It’s become obvious that punishment of wolves is not a deterrent when it comes to protecting livestock and extermination is an unacceptable alternative, not just on tree-hugging moral grounds, but based on the key role they can play in keeping the population of pest animals under control. In fact farmers and ranchers could, if they work it right, put the wolves to use for them preserving their harvests and grain stores from rats and other so-called vermin.

What they need to do is develop systems of making their livestock less attractive as prey. Like in the case of the wolves observed by Farley Mowat, farmers and ranchers could make the effort involved not worth the payoff. In Ontario you can’t drive by a flock of sheep any more without seeing a donkey or two installed in the field with them. It turns out they make great guardians for the flocks. A couple of donkeys can fight off wolves and coyotes with ease.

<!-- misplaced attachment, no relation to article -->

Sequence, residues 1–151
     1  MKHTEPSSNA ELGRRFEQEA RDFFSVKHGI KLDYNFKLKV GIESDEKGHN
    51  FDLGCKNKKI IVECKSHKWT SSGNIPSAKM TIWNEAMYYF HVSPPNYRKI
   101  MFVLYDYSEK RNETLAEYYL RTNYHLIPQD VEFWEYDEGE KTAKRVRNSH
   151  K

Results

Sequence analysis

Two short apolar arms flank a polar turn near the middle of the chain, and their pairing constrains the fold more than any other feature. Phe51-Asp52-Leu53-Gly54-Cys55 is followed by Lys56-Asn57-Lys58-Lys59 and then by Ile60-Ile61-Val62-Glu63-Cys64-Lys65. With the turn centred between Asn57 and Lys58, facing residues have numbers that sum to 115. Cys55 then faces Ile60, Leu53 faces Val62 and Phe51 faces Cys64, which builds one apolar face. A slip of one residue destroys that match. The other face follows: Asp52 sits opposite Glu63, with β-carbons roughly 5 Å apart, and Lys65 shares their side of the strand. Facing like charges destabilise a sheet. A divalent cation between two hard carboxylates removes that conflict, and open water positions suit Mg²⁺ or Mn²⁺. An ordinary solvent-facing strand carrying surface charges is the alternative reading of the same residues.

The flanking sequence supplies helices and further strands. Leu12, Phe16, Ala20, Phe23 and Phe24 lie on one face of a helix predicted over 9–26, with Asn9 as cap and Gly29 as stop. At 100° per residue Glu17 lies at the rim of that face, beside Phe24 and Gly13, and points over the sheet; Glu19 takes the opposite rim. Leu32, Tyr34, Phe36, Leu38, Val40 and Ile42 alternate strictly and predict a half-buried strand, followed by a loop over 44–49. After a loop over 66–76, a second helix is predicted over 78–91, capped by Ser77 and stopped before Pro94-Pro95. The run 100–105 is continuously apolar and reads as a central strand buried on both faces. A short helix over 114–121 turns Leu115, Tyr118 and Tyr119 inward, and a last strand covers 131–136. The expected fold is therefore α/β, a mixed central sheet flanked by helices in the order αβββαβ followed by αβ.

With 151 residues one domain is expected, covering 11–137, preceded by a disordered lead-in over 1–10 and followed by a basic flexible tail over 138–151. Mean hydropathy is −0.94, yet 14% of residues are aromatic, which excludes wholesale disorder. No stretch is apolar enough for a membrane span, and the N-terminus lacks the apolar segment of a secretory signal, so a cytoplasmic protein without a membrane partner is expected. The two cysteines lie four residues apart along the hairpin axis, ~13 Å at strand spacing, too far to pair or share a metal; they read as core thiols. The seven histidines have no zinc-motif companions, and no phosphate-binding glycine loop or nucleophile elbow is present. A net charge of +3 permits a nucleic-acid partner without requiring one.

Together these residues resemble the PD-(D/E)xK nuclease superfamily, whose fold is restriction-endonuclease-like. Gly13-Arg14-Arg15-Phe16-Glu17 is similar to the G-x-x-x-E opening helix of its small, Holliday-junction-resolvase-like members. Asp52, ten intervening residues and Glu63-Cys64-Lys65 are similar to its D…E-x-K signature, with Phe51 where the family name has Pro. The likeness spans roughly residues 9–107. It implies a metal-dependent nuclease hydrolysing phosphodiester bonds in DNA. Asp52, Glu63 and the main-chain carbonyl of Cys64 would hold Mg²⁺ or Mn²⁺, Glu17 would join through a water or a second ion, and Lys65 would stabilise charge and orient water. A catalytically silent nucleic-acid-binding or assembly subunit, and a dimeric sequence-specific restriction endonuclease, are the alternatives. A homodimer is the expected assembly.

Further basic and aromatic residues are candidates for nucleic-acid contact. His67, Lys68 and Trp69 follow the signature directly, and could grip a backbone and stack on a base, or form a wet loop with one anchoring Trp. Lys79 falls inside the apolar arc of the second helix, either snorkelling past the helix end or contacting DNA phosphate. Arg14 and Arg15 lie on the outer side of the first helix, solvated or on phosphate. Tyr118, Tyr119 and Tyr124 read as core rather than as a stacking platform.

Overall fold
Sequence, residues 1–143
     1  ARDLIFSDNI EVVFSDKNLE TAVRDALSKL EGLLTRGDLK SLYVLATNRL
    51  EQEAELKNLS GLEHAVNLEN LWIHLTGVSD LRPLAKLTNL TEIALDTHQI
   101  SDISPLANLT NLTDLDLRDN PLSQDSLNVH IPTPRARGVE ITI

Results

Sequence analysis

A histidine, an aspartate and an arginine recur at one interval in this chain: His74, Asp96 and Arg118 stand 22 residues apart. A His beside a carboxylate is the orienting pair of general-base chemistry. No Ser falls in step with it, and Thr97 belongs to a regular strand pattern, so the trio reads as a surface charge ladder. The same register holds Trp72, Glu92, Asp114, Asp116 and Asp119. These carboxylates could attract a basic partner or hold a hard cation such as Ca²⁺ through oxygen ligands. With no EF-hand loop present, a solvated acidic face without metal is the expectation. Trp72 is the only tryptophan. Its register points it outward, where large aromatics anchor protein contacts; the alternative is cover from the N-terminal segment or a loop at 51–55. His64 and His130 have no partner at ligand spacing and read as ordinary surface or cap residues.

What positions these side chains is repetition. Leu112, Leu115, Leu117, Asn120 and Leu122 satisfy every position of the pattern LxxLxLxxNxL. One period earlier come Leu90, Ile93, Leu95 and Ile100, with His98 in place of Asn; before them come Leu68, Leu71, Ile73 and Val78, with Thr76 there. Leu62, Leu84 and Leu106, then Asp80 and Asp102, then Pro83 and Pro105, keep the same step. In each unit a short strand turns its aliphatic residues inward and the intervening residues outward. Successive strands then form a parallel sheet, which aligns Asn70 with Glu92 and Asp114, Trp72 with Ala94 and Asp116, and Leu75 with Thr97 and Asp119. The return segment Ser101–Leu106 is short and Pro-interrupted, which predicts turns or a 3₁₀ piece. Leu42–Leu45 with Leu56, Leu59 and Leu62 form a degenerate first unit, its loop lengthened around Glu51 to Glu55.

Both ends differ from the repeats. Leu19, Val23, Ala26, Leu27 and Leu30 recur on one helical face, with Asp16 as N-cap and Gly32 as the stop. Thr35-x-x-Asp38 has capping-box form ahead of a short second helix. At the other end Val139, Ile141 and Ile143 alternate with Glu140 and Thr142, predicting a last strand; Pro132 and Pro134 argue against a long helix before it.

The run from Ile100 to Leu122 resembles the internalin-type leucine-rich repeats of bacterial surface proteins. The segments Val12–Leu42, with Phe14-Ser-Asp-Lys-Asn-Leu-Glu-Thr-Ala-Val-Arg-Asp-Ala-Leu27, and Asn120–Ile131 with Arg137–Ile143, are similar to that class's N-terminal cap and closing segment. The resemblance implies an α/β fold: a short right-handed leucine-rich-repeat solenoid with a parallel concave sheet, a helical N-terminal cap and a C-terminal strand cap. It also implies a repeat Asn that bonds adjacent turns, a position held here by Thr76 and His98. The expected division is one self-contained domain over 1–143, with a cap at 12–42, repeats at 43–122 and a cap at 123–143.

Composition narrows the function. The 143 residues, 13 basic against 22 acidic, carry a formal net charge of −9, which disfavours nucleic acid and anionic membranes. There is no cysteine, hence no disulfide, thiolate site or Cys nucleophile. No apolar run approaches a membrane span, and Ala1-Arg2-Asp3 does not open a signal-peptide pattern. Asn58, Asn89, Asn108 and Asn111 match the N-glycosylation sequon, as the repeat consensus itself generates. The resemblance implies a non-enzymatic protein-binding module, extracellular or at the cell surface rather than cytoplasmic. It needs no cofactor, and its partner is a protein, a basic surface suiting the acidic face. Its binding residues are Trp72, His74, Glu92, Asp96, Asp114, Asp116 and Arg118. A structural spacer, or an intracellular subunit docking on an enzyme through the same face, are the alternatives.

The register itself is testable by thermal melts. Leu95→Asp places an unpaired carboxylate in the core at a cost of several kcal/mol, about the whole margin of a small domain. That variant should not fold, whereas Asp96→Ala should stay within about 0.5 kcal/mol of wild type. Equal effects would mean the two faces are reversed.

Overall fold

It is important that we get over ourselves and learn how to co-exist with nature sooner rather than later. So far we’ve been able to prove that our current idea of dominance is not working out so well. Maybe for those who have been able to line their pockets and who don’t have any children it doesn’t matter what shape the world is in when they leave, but the rest of us might like to have some of the wild spaces preserved.

The most important lesson that we as a species need to learn is the one we can be taught by examining our relationship with the wolf. We can’t look on animals and impose human values, characteristics, or expectations. We can no longer continue to look upon any creature as separate, including ourselves.

The sooner we realize that all life is interconnected the better our chances of keeping the wild spaces alive and vibrant for all. What better place to start than with the wolf, to whom, of all creatures in the West, we owe the biggest apology. If after hundreds of years of animosity we can work out co-existence arrangements with them, it will be a huge step in the right direction.

About Richard Marcus

Richard Marcus is the author of three books commissioned by Ulysses Press, "What Will Happen In Eragon IV?" (2009) and "The Unofficial Heroes Of Olympus Companion" and "Introduction to Greek Mythology For Kids". Aside from Blogcritics he contributes to and his work has appeared in the German edition of Rolling Stone Magazine and has been translated into numerous languages in multiple publications.